Friday, November 12, 1999

Schools reopen with extra caution


Bomb threat was traced to prisoner

BY SUE KIESEWETTER
Enquirer Contributor

        MASON — Three days after school officials received a threat that a school would be bombed, students returned to classes Thursday under increased police scrutiny — and without backpacks.

        “It went well. We're getting back to normal,” said Shelly Benesh, the district's public information officer. “We had a pretty normal attendance today.”

        Although there were no incidents Thursday, students will not be allowed to bring book bags or heavy coats to school until Monday. Those who do will be subject to a search, Ms. Benesh said.

        Mason's six schools were closed Tuesday and Wednesday after a former student, Christopher Kerr, 28, allegedly sent a letter to school officials that said a bomb would explode in the high school cafeteria Wednesday. School officials and police searched the buildings and found no bombs Tuesday, but they were locked until classes resumed Thursday.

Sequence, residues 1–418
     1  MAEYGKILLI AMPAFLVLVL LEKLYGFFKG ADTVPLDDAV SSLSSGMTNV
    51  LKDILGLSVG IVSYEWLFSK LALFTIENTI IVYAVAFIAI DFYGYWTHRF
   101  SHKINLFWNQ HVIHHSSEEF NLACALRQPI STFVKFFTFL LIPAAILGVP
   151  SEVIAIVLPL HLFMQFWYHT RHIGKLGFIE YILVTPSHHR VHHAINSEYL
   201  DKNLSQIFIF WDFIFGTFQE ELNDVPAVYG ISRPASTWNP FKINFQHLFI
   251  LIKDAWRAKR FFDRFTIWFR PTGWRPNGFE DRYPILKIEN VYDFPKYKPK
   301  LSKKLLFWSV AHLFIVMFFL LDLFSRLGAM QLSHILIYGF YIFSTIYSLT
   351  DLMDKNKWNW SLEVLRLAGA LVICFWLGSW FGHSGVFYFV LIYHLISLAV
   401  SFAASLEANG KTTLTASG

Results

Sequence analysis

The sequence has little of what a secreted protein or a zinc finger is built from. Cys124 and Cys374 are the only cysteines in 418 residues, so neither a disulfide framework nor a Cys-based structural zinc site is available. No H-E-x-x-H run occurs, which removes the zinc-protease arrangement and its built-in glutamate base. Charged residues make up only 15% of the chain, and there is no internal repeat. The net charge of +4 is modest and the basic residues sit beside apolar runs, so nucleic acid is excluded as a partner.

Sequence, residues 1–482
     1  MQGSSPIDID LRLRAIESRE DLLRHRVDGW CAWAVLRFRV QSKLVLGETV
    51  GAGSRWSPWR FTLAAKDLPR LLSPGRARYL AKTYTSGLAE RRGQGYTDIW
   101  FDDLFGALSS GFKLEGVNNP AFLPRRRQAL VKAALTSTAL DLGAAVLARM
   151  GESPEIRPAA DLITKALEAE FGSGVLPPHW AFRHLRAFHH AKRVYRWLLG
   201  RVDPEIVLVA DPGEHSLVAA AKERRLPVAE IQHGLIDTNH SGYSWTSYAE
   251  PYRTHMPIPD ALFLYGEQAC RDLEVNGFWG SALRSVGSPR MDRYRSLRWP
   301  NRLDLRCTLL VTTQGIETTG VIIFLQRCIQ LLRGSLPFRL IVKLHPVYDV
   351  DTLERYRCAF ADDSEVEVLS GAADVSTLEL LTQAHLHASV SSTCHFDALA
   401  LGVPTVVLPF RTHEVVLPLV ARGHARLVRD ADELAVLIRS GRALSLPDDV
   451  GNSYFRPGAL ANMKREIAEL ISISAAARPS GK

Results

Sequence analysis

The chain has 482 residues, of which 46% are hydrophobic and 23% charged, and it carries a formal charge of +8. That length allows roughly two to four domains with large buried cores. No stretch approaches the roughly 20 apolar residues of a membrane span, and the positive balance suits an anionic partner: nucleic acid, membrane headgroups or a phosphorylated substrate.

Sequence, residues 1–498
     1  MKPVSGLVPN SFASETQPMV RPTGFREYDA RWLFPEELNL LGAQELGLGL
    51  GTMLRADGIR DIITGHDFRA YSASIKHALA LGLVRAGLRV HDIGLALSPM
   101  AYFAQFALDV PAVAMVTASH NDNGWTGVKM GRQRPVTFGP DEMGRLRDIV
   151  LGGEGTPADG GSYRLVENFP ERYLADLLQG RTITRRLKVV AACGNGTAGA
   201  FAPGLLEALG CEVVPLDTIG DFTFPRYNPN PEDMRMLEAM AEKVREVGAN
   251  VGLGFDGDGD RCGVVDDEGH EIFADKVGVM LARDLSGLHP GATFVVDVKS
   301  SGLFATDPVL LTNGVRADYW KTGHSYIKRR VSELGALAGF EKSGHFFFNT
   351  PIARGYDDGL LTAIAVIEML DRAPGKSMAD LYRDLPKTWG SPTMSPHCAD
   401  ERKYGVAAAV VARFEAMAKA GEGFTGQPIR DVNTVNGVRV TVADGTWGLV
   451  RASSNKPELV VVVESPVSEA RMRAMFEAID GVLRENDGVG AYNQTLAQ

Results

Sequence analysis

Superintendent Kevin Bright will ask the Ohio Department of Education whether the two days could be counted toward the five calamity days schools are allowed each year. A new state law calls for schools to make up time missed due to certain incidents — including bomb threats — in 30-minute increments after school.

        On Wednesday, police announced that Mr. Kerr, an inmate at the Southern Ohio Correctional Facility at Lucasville, had admitted to police he had sent the threatening letter. Mr. Kerr has been in solitary confinement at the prison since 1998 and has had no contact with anyone outside the prison, police and school officials said. Charges against Mr. Kerr are pending.

        “I was real proud they took action when they found out (about the threat),” said parent Neta Morton after she dropped off her son at school Thursday. “I would have sent him to school (Wednesday) because I trust the system. But he was scared.”

        Nicole Hagen said it was strange to come back to school after an unexpected midweek holiday just before exams were to have begun.

        “I think it's kind of freaky coming back. It's kind of scary. I don't mind not carrying a book bag or coat,” said Nicole, 14, shivering outside in the predawn chill. “I know how easy it is to slip something into a book bag or coat. It made me a little nervous. I think they made the right decision.”

        Parent David Billman said he's not sure he would have sent his son to school Wednesday if classes had been held.

        “It's a shame it has to happen. I don't think it was overkill. I do not want them taking any chances,” Mr. Billman said.

       



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